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Phone recycling kiosks may lead to increased cell theft, say police

By Hayley Fox
Published: Wednesday, May 16, 2012, at 01:09PM

These cell phone ATMs dispense money and allow people to sell (or donate) used phones.

The cell phone theft rate in Downtown is up 38 percent from last year, said Capt. Horace Frank, and the installation of new cell phone ATMs may only cause that number to increase.

Phone recycling machines called ecoATMs are popping up all over Southern California, with locations in Glendale, Culver City, Sherman Oaks and others. The machines use advanced technology to evaluate and purchase cellphones from people looking to sell.

The ATM uses artificial intelligence, electronic diagnostics and other evaluation techniques to determine what type of phone is being turned in as well as its value.

"It's a very, very smart machine," said Anita Giani of ecoATM, a San Diego-based company.

The seller is given options of either accepting the purchase offer or donating the money and/or the cell phone to a selection of charities. The ATM company then keeps a percentage of the profits.

Mobile devices are thrown out at a quicker rate than any other type of electronics, reports the Los Angeles Times -- but only 11 percent of the devices are recycled, according to the U.S. Environmental Protection Agency.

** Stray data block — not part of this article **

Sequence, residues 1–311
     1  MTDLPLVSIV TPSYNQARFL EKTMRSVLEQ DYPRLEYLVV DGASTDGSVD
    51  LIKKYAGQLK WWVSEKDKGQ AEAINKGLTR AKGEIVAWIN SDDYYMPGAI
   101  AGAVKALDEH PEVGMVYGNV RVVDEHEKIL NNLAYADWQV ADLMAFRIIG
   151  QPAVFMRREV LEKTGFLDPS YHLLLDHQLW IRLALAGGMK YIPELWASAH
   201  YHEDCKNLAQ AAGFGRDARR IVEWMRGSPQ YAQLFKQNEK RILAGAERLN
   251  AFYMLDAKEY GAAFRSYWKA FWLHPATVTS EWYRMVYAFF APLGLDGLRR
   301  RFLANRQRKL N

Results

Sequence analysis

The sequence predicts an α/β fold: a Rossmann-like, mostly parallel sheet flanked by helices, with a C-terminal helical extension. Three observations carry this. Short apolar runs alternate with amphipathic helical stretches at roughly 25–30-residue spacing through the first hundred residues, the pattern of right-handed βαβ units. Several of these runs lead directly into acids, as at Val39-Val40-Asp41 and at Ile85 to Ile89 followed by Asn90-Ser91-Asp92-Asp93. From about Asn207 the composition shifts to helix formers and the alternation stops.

While some customers average an $80 payout per phone, even if the phone has no value customers can still turn it in for recycling, ecoATM Chief Executive Tom Tullie told the L.A. Times.

EcoATM has recycled more than a quarter million phones -- seventy five percent of them have found second homes, said Giani.

But Capt. Frank says the phone ATMs make it easy for people to steal phones and turn them around quickly to make a profit.

"With these kiosks and with the way they're popping up, you're going to see more cell phone thefts," predicted Frank.

Giani argued that ecoATM have measures in place to deter people from trying to cash in on stolen phones. When someone tries to sell a cell phone at any machine, the ATM takes a photo of their drivers license and obtains a fingerprint of the seller.

"They'd really be pretty foolish if they were going to try and sell a stolen phone," she said.

But Frank said these systems aren't sufficient deterrents: Some people may be using a fake drivers license and even if the license is valid, the ATMs don't have access to the police database to cross-reference names.

He suggests that ecoATM initiate a waiting period so after the phone is turned in, no money is dispensed until the license is validated. He said the company should also work with local law enforcement to find out if the phone was reported stolen. If the person obtained the phone legally, they'd have no problem waiting for a payout, Frank reasoned.

Although there are no kiosks planned for Downtown at this time, new ecoATMs are scheduled to appear in Burbank, Westminster, and other Southland locations over the next three weeks.

Frank said the rise of cell phone thefts in LA is only a microcosm of similar trends going on across the country. Many of the Downtown thefts occur when people leave phones in a visible location in their car, or out on table at a when they get up to use the restroom. Some even occur as they are holding or talking on the phone as they walk down the street.


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